HBS 3D Efforts Continue To Evolve During World Cup Tourney
The 3D buzz at the World Cup continues to build and, more important, find new believers among both the broadcasters who have seen the productions and the production teams themselves as Host Broadcast Services (HBS) continues to refine its 3D production technique with every game.
For Peter Angell, HBS director of the 3D project, and the rest of the production crew, that means that, by the time they finish producing the World Cup Final in 3D on July 11, they will all be among the world’s most experienced 3D production professionals. A total of 25 games will be shot and distributed around the world in 3D, and the production process has already seen significant improvements, according to all involved.
The early matches were focused on broad, basic refinements, such as getting comfortable on the front bench and beyond with cutting from cameras, balancing game coverage vs. maximizing the 3D effect, and more.
“Now it’s about making the production slicker, working on the quality of cutting and the timing,” says Angell. “Now we have more affinity with the 3D world, less convergence errors, less short cuts.”
Approximately 10 broadcast networks and 400 theaters are distributing the World Cup 3D feed, including ESPN, Al Jazeera, SBS Korea, SBS Australia, SogeCable in Spain, and TF1 and Canal+ in France.
There are two 3D production units in use for the broadcasts: a vehicle from Telegenic and another from AMP. The AMP truck handles productions in two stadiums, Ellis Park and Soccer City in Johannesburg; the Telegenic unit does matches in Durban, Cape Town, and Port Elizabeth.
“The positions in each venue are pretty identical, so we were lucky,” says Angell. Similar positions make it easier for the production crews to work in different venues without having to massively adjust production philosophies.
The eight-camera shoot comprises four cameras positioned on the main stand, lower than the main 2D camera positions, and four on the field level. Two are behind the right-hand goal, on the near and far sidelines; cameras on the left side of the field are near the player bench and behind the left-hand goal.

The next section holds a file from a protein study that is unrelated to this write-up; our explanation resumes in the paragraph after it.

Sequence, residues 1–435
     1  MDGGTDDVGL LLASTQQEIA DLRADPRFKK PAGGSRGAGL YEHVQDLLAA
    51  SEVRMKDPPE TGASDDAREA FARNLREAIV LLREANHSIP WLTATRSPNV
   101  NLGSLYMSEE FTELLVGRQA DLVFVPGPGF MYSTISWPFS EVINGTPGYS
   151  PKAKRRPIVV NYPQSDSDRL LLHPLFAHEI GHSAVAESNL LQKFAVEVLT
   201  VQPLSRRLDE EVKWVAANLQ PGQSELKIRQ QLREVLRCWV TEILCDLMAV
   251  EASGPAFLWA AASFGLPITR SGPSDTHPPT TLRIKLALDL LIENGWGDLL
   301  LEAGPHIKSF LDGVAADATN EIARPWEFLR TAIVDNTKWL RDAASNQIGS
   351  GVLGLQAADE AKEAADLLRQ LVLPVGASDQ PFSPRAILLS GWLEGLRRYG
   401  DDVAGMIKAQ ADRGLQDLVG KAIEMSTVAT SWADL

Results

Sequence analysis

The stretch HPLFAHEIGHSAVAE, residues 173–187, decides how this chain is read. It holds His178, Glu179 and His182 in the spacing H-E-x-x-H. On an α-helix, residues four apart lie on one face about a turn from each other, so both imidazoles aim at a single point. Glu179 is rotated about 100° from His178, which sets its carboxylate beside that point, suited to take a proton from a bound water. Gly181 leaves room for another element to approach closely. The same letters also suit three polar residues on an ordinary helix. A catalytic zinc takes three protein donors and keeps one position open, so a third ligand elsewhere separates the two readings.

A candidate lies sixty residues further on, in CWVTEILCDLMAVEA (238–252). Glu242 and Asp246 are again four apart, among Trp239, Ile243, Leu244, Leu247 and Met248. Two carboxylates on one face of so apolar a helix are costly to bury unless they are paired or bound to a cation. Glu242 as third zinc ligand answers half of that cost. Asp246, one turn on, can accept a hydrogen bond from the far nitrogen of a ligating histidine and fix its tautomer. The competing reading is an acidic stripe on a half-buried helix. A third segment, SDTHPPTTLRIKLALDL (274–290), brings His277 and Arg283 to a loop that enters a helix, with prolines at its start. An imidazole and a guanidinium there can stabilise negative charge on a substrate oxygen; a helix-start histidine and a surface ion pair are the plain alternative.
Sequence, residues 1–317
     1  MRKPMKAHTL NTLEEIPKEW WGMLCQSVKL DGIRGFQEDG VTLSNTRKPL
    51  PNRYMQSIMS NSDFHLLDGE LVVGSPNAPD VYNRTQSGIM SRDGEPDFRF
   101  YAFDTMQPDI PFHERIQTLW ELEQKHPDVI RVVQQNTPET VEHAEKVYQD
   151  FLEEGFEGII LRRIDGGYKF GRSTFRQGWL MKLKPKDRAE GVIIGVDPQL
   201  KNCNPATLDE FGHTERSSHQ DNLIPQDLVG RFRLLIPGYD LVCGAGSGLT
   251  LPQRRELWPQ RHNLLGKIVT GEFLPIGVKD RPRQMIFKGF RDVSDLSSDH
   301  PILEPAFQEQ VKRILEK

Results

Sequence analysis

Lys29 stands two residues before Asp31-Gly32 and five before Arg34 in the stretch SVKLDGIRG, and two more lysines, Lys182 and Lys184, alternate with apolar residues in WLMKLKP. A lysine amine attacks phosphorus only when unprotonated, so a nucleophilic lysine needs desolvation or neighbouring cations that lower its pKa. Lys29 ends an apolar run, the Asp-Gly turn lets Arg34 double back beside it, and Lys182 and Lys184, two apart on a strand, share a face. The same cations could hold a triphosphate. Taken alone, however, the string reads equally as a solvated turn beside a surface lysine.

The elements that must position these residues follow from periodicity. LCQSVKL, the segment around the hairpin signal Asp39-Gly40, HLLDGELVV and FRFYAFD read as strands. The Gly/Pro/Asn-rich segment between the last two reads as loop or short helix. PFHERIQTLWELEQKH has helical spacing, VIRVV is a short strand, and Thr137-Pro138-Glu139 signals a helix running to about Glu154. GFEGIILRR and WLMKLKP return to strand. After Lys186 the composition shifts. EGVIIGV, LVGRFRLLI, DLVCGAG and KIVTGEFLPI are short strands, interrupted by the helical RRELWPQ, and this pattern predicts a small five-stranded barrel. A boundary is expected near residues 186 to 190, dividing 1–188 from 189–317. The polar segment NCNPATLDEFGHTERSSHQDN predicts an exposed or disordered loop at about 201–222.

One of the interesting discoveries is that shooting in 3D allows the production to “cross the line” of the middle of the pitch. In 2D productions, if the action is moving from left to right, all the camera cuts need to be from the same side of the field to prevent the viewer’s getting disoriented.
“With 3D, it is easier for viewers to orient themselves, and there is an increased perception of where the camera is on the field,” says Angell. “So we are cutting a lot to the cameras on the reverse side of the field from the main [game] cameras.”
Lessons learned from game one include the need to frame a bit tighter into the action by shooting less wide from the main game cameras in the stands. But the challenge is making sure that the camera isn’t too tight, which, in turn, requires more panning to follow the action and introduces more motion blur and compression artifacts.
“Gradually, we are pushing in a little more,” says Angell.
Ironically, while the cameras in the stand are going a little tighter, the cameras on the field are going a little wider. Wider shots from the field level introduce more elements that can add depth to a scene.
“We are doing safe, calm, and easily viewable 3D,” adds Angell. “We are trading some 3D value, but we don’t want to overdo the 3D to the point where viewers don’t have a good time. People are biologically linked to the experience.”
Production gear used includes Canon HJ22ex7.6B portable HD ENG lenses with Sony HDC-1500 cameras brought together in Element Technica 3D rigs, which the HBS team was first exposed to at last year’s IBC in Amsterdam.
“It’s been working out really well,” says Angell. “It is flexible enough to adapt to our needs, and now we can set the rigs up in two hours.”
That ability to quickly break down and set up the 3D production gear has been almost as important as the new skills related to the production. The team quickly realized that color coding all of the equipment for a given rig made it much easier to ship and assemble.
“Mechanically, the Element Technica rigs hold their alignment very well,” says Angell. About an hour of optical adjustment is all that is required to get the cameras ready for the match.
Also helping with the quality of the production is the decision to match a camera operator with a convergence puller. HBS even made the teamed-up camera and convergence operators swap roles to understand how the other half lives and allowing them to learn how things they do in their regular position can lead to problems for their partner. “They need to develop a close relationship,” says Angell.
The directors for the broadcasts are Bruno Hullin and Jean Charles Van Kerkoven, great 2D football directors who also are relearning their craft. Duncan Humphries, a 3D consultant, has also played an integral role in shaping the coverage.
“For the directors, it is really about leaving aside their instincts and having much calmer coverage, where they get down to the field-level cameras as early as possible,” says Angell. “That’s where the interesting 3D shots are.”